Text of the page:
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Close Up Rosa Sevilla de Alvero: 5 Facts To Know About March 4 2021's Google Doodle

Rosa Sevilla de Alvero: 5 Facts To Know About March 4 2021's Google Doodle

Rosa Sevilla de Alvero: 5 Facts To Know About March 4 2021's Google Doodle
Photo: Unsplash
By Ryanne Co
By Ryanne Co
March 04, 2021
Today's Google Doodle celebrates a powerful Filipina on her 142nd birth anniversary. Meet Rosa Sevilla de Alvero! Here are 5 facts about her:

1/5 Her childhood had a likely effect on her advocacy

Rosa Sevilla de Alvero was born in Tondo, Manila on 4 March 1879. She grew up with her aunt, a notable educator who often brought Filipino patriots and intellectuals into her home. Often, Sevilla de Alvero would eavesdrop on their conversations, which revolved around battling "educational colonialism". It was no surprise then that she would later go on to do just that. 

2/5 She campaigned for women's suffrage

If you've seen today's Google Doodle, then you'll know that Sevilla de Alvero is mainly credited for her contributions toward's women's suffrage. Her image, which shows her placing her ballot in a box, is more or less a literal depiction of one of her achievements. 

In the 1935 Constitution, only male Filipino citizens aged 21 or older had the right to vote. But thanks to Rosa Sevilla de Alvero's contributions, the way towards the 1937 women's suffrage plebiscite was paved. Here, 500,000 Filipinas gathered to vote on their right to suffrage. Out of these, an overwhelming 447,725 chose in favour of it; and hence was born Commonwealth Act No. 34 which officially gave women in the country a right to be heard.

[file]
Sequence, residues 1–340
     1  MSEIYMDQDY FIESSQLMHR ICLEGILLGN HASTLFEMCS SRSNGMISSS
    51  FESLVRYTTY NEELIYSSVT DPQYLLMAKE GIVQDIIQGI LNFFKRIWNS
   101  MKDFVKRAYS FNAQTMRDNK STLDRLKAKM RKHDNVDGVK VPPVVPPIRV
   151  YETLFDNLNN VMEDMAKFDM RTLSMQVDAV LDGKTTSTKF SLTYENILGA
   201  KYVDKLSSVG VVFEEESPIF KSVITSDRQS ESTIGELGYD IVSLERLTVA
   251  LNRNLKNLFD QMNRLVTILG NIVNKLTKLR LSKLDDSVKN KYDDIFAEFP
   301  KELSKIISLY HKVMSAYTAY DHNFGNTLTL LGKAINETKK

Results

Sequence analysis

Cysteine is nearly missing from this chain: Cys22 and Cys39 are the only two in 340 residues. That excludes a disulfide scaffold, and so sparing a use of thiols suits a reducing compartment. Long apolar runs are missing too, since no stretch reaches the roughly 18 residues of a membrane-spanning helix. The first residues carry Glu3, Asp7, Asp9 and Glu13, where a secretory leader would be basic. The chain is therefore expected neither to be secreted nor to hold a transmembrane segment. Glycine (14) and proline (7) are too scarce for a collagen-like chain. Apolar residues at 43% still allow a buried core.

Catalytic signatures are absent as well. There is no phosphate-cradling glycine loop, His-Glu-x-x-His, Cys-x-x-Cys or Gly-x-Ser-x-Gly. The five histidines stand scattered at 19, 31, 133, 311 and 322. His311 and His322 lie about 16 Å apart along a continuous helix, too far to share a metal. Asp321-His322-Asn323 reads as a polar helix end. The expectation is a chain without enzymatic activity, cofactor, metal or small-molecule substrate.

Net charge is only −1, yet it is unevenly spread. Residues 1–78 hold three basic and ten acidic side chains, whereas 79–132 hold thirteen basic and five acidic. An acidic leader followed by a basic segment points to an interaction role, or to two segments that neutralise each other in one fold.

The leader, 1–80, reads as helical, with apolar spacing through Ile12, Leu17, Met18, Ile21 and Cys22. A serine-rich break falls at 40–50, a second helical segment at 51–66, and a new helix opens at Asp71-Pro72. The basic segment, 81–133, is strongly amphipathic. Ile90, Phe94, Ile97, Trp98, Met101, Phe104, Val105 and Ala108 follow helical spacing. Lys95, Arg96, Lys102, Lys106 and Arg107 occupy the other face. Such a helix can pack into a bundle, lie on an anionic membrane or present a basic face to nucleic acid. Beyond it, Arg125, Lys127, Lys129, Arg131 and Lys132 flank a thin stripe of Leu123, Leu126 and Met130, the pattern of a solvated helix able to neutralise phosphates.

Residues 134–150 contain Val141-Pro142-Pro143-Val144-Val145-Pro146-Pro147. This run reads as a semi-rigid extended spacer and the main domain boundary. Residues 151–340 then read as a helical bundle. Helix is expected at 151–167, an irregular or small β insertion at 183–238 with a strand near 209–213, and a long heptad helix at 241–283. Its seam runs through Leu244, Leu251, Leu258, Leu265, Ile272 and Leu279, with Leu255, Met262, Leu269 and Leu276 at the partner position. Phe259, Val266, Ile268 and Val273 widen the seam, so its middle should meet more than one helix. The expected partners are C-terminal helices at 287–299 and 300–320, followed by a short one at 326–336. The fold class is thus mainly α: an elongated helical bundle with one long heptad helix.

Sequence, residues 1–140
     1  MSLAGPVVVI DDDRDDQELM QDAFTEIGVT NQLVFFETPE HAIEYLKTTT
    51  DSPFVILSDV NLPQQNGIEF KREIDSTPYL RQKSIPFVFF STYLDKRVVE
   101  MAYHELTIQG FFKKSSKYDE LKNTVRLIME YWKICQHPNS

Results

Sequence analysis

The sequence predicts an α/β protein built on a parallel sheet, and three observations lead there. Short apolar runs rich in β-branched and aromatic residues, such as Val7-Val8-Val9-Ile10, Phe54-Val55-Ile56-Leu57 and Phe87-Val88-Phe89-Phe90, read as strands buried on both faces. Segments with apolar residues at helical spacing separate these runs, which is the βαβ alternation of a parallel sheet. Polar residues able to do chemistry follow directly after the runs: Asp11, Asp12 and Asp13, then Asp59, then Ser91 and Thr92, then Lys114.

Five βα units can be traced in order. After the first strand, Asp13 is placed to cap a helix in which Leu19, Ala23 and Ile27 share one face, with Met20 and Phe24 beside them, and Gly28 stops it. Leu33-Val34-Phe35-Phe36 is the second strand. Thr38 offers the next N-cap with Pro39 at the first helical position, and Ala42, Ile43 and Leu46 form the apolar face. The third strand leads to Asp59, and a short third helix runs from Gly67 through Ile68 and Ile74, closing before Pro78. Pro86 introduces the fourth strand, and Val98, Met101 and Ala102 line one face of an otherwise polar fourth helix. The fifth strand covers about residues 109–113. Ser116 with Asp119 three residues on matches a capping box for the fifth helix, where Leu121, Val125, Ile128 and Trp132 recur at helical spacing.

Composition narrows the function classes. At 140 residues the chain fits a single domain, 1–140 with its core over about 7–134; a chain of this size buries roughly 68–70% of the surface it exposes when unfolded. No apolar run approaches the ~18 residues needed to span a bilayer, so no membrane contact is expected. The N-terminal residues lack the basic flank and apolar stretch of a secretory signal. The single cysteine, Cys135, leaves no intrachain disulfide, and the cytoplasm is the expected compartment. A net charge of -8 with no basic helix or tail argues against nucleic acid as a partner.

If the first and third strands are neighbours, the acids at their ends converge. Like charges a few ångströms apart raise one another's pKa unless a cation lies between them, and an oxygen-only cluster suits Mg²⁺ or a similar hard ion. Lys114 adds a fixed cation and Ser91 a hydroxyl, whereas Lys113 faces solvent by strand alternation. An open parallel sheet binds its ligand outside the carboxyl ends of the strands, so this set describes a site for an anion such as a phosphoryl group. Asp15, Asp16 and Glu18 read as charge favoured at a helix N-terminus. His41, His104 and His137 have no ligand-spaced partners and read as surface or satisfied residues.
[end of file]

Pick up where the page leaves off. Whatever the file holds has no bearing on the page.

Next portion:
3/5 She founded the Instituto de Mujeres of Manila at just 21

An intellectual through and through, Sevilla de Alvaro founded the first lay Catholic school for women in the Philippines at just 21! Together with her team, Sevilla de Alvaro created a curriculum that would "prepare women to serve both God and country" under the American occupation. While the American government had founded schools for Filipinos, most of them were taught by Protestant teachers, forbade the teaching of religion, and excluded Spanish and other indigenous languages in the curriculum (which made it difficult for people who didn't speak English at the time). In contrast, the program at the Instituto de Mujeres was more inclusive and taught its students about the history of the country, as well as practical domestic skills needed at the time. 

Read also: International Women's Month: 11 Filipino Women Who Made History

4/5 She was an accomplished writer

Unsurprisingly, Sevilla de Alvaro was an accomplished writer and had published the following works in Spanish: La Mejor, El Sueno del Poeta, and Prisonera de Amor. She was also on the editorial staff of La Independenciathe newspaper published by General Antonio Luna. She was just one of the two female writers on the team. 

5/5 She helped advance our national language

If you've ever participated or watched a balagtasan (debate done in poetic verse) at school growing up, then you can understand how deeply moving and beautiful the Tagalog language is. With Sevilla de Alvaro's verbal prowess, it was no surprise to discover that she was among the first—along with other Filipino poets—to present a balagtasan in public. This helped spark a movement for Tagalog to become the basis of Filipino, the Philippines' national language. 

Read also: 10 Business Women Shaping The Philippines


Close Up International Women's Month


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